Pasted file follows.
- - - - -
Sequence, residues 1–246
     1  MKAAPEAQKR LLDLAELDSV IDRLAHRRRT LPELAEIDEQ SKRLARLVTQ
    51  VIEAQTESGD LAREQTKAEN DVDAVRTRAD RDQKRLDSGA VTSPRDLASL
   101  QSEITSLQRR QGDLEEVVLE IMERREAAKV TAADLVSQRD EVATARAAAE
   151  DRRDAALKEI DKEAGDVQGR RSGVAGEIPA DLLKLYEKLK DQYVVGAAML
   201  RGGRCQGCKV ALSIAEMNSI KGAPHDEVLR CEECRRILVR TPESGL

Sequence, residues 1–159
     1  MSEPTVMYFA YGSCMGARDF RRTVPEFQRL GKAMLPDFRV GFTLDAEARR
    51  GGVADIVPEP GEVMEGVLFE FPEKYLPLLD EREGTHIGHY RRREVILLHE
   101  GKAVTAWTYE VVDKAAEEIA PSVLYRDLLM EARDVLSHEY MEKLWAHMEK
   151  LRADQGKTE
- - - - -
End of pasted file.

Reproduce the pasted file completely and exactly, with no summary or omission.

Sequence, residues 1–246
     1  MKAAPEAQKR LLDLAELDSV IDRLAHRRRT LPELAEIDEQ SKRLARLVTQ
    51  VIEAQTESGD LAREQTKAEN DVDAVRTRAD RDQKRLDSGA VTSPRDLASL
   101  QSEITSLQRR QGDLEEVVLE IMERREAAKV TAADLVSQRD EVATARAAAE
   151  DRRDAALKEI DKEAGDVQGR RSGVAGEIPA DLLKLYEKLK DQYVVGAAML
   201  RGGRCQGCKV ALSIAEMNSI KGAPHDEVLR CEECRRILVR TPESGL

Sequence, residues 1–159
     1  MSEPTVMYFA YGSCMGARDF RRTVPEFQRL GKAMLPDFRV GFTLDAEARR
    51  GGVADIVPEP GEVMEGVLFE FPEKYLPLLD EREGTHIGHY RRREVILLHE
   101  GKAVTAWTYE VVDKAAEEIA PSVLYRDLLM EARDVLSHEY MEKLWAHMEK
   151  LRADQGKTE